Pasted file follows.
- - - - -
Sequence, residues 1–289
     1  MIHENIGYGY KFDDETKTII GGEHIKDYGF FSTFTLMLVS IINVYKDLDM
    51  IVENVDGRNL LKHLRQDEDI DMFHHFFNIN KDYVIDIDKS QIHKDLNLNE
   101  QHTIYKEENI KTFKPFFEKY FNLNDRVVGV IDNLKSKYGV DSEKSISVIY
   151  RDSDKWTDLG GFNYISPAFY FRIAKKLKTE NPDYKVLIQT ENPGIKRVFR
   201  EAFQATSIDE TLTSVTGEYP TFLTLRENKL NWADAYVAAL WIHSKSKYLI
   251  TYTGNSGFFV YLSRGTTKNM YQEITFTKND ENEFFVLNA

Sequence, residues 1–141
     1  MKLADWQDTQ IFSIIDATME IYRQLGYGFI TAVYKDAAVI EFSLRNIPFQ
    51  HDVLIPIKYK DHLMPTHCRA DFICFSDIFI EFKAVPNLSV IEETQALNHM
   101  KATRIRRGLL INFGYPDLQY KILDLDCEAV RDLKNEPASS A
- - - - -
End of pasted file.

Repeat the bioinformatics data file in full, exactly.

Sequence, residues 1–289
     1  MIHENIGYGY KFDDETKTII GGEHIKDYGF FSTFTLMLVS IINVYKDLDM
    51  IVENVDGRNL LKHLRQDEDI DMFHHFFNIN KDYVIDIDKS QIHKDLNLNE
   101  QHTIYKEENI KTFKPFFEKY FNLNDRVVGV IDNLKSKYGV DSEKSISVIY
   151  RDSDKWTDLG GFNYISPAFY FRIAKKLKTE NPDYKVLIQT ENPGIKRVFR
   201  EAFQATSIDE TLTSVTGEYP TFLTLRENKL NWADAYVAAL WIHSKSKYLI
   251  TYTGNSGFFV YLSRGTTKNM YQEITFTKND ENEFFVLNA

Sequence, residues 1–141
     1  MKLADWQDTQ IFSIIDATME IYRQLGYGFI TAVYKDAAVI EFSLRNIPFQ
    51  HDVLIPIKYK DHLMPTHCRA DFICFSDIFI EFKAVPNLSV IEETQALNHM
   101  KATRIRRGLL INFGYPDLQY KILDLDCEAV RDLKNEPASS A